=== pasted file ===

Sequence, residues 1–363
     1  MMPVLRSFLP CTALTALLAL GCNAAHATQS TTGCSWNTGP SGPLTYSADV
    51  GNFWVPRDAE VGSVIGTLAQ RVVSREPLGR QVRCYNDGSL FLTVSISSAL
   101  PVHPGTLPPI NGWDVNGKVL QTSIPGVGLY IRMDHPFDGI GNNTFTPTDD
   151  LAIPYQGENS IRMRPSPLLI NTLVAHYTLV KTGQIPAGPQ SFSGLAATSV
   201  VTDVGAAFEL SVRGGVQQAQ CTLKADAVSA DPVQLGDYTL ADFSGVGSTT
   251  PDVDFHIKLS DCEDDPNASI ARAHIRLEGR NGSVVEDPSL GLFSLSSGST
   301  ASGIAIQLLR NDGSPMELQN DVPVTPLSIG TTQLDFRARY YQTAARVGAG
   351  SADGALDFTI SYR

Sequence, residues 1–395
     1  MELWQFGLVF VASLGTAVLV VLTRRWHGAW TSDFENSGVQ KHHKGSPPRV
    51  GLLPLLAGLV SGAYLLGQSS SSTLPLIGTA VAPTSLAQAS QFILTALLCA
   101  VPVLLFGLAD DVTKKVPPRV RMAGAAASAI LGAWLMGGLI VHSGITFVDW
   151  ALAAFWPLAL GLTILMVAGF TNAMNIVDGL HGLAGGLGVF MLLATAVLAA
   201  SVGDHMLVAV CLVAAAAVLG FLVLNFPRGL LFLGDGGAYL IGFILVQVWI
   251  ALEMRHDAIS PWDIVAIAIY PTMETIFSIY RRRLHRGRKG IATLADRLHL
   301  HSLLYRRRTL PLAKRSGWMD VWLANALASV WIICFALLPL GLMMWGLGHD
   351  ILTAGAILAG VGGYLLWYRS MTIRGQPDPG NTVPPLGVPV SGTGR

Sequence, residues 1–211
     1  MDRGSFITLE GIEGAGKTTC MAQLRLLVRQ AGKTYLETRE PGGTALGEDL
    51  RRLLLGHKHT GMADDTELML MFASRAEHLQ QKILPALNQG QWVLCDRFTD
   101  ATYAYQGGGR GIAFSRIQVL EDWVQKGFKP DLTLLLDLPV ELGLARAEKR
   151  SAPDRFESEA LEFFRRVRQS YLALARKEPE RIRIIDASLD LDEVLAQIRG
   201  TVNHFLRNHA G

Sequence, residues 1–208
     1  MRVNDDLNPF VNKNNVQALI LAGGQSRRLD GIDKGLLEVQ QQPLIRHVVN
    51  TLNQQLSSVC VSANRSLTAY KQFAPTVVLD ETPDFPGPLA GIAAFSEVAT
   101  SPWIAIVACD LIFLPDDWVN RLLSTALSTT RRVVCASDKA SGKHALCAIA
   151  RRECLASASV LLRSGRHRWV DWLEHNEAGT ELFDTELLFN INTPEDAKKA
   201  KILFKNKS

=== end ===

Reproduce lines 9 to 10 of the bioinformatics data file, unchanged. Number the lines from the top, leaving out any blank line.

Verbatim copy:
   351  SADGALDFTI SYR

Sequence, residues 1–395